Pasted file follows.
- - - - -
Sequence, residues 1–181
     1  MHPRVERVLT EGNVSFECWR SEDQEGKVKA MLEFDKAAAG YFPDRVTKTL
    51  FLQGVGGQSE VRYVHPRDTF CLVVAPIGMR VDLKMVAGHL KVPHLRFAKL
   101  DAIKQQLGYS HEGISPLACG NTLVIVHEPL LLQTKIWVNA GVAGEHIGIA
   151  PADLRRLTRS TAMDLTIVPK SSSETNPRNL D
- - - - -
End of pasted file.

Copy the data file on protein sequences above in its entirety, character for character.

Sequence, residues 1–181
     1  MHPRVERVLT EGNVSFECWR SEDQEGKVKA MLEFDKAAAG YFPDRVTKTL
    51  FLQGVGGQSE VRYVHPRDTF CLVVAPIGMR VDLKMVAGHL KVPHLRFAKL
   101  DAIKQQLGYS HEGISPLACG NTLVIVHEPL LLQTKIWVNA GVAGEHIGIA
   151  PADLRRLTRS TAMDLTIVPK SSSETNPRNL D